In 2011, while in Los Angeles promoting his documentary "Exit Through the Gift Shop," the shadowy British street artist Banksy tagged a vaguely elephantine water tank near the Pacific Coast Highway with the sentence "This Looks a Bit Like an Elephant." Unbeknown to him, the abandoned tank had been serving as a makeshift home for Tachowa Covington, and the attention brought by the famous artist's stencil forced him to abandon his home of seven years.
via Capturing Banksy
"I watched it for a month or so," Covington told the Independent, recounting his discovery of the tank after it was abandoned in 2004. "Eventually, I climbed inside and saw that it was empty. I thought, 'Wow. This would be a cool place to make a house.' I picked it as a sanctuary, a place to kick back, to be close to God and to the ocean." A choreographer and dancer, and a former escort and Michael Jackson impersonator originally from Sacramento, Covington became friendly with the local police, who didn't bother him, and even had his mail delivered to the tank.
"People left me alone because they thought it was an empty tank and I was just climbing up there with a sleeping bag," he told the Independent. "But I was building inside the whole time." By the time February 21, 2011 rolled around, he had installed a generator and security cameras, and was lobbying to secure squatter rights to the tank. That's the night he heard to people moving around outside his home.
"I looked out of the hatch, and there were two guys there," he told the Independent. "I asked what they were doing, and one of them said, 'We're just making a joke'. I climbed down the ladder, looked at the writing, and I said, 'Hey, that looks pretty cool!' I introduced myself, and the English dude told me his name was Banksy. I didn't know who he was, so I didn't think twice about it."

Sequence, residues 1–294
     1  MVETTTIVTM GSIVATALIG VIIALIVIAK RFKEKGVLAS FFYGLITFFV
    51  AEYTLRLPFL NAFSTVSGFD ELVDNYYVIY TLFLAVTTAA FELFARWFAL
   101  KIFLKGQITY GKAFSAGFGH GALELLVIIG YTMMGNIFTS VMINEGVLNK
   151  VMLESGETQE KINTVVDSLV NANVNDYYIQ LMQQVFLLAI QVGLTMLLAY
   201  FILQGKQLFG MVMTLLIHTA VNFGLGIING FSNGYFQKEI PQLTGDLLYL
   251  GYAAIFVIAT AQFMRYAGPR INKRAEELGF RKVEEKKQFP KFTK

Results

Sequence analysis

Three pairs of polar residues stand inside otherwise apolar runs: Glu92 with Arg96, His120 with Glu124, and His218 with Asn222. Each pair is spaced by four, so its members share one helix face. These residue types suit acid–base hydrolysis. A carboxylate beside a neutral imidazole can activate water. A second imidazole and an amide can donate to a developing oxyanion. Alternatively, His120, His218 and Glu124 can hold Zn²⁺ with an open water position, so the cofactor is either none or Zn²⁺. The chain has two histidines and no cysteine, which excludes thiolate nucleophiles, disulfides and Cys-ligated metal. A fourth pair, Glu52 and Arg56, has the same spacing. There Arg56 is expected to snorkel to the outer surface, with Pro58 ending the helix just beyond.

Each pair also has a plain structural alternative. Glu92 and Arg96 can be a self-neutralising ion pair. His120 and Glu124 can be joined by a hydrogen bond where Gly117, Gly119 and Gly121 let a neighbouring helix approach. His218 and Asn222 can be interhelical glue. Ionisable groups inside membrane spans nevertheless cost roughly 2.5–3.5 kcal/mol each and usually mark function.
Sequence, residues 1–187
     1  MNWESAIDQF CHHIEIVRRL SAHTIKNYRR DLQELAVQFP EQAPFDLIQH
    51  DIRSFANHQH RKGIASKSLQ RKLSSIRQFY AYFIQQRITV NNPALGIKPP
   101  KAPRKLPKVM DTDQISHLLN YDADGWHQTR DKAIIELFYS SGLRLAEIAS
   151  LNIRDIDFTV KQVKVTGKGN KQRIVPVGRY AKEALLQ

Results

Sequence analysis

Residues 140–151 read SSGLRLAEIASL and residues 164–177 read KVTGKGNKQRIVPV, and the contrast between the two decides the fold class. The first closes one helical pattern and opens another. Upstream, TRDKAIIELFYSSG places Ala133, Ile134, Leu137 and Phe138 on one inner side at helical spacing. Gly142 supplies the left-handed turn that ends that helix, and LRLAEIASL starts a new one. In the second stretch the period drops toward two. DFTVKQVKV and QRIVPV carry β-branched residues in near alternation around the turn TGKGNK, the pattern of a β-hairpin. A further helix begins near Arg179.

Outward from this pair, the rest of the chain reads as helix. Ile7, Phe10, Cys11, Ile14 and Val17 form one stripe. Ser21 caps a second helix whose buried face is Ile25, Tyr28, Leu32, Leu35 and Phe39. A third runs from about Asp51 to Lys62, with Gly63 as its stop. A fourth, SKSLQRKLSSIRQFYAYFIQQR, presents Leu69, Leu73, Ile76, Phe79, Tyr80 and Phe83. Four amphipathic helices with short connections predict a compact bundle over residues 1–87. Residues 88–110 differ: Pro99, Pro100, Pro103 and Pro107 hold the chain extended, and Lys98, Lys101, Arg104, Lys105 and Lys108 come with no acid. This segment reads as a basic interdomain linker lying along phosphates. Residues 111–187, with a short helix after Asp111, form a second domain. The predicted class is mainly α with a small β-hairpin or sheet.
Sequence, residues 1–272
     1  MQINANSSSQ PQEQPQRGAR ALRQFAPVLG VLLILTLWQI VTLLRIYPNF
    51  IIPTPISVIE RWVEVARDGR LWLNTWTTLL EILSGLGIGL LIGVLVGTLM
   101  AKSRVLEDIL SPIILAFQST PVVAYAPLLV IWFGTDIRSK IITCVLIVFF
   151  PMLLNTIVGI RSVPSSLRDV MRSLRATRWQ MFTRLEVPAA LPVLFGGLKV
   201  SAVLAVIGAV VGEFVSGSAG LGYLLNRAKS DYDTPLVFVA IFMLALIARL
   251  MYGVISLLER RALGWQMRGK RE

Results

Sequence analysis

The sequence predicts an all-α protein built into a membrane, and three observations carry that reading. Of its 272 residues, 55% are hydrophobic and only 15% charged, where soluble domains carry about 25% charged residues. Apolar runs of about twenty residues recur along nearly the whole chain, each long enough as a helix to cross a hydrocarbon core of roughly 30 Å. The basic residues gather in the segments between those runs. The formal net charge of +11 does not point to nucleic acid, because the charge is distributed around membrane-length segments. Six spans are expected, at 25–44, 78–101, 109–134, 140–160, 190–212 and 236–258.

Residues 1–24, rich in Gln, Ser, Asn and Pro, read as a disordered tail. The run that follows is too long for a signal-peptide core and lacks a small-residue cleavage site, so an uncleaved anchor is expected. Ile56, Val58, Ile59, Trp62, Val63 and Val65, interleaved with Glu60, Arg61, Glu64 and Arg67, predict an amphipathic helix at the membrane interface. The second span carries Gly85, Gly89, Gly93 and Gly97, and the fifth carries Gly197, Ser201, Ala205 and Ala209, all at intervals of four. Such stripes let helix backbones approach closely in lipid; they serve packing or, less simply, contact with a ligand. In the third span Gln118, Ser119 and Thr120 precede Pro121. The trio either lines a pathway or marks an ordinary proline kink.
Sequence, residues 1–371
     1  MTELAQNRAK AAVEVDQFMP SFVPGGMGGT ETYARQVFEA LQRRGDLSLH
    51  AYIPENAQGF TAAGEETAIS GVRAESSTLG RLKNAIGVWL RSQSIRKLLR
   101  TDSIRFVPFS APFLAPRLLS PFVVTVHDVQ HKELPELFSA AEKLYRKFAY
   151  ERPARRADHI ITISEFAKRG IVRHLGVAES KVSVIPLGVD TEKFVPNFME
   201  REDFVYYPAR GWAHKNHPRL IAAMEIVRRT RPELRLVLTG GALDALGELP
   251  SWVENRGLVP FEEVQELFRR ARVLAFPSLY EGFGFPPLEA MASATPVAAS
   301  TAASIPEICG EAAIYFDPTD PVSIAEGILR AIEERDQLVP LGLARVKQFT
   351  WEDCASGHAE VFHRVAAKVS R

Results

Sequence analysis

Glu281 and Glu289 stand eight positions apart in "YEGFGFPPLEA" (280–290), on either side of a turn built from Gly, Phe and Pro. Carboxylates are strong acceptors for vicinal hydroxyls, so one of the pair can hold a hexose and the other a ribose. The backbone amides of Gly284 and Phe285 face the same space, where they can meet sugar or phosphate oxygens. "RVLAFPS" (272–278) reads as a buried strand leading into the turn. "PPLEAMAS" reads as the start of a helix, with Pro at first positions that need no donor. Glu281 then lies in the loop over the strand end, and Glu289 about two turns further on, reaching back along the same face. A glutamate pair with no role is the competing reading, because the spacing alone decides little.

Less than two weeks later, after buying the tank directly from the city of Los Angeles, the owners of the design firm Mint Currency had it removed by crane and trucked away, leaving Covington just 16 hours to gather his possessions and vacate his home of seven years. That's when Banksy stepped in to help the man he'd inadvertently left homeless, giving him enough money to find an apartment and pay his bills for a full year.
"He helped me so fast, I didn't have to spend a single day more on the streets. It was like a miracle," Covington said. "There ain't no better man than Banksy... He was an angel to me. He helped me more than anybody helped me in my life."
Recently, the artist's money ran out, and Covington was forced to move back to the hillside where his water tank home once stood while he waits for state-supported housing to become available. In the meantime, his story has inspired a new play, "Banksy: The Room in the Elephant" -- which debuts at the Edinburgh Fringe Festival this week -- and a forthcoming documentary.
-Benjamin Sutton, ARTINFO
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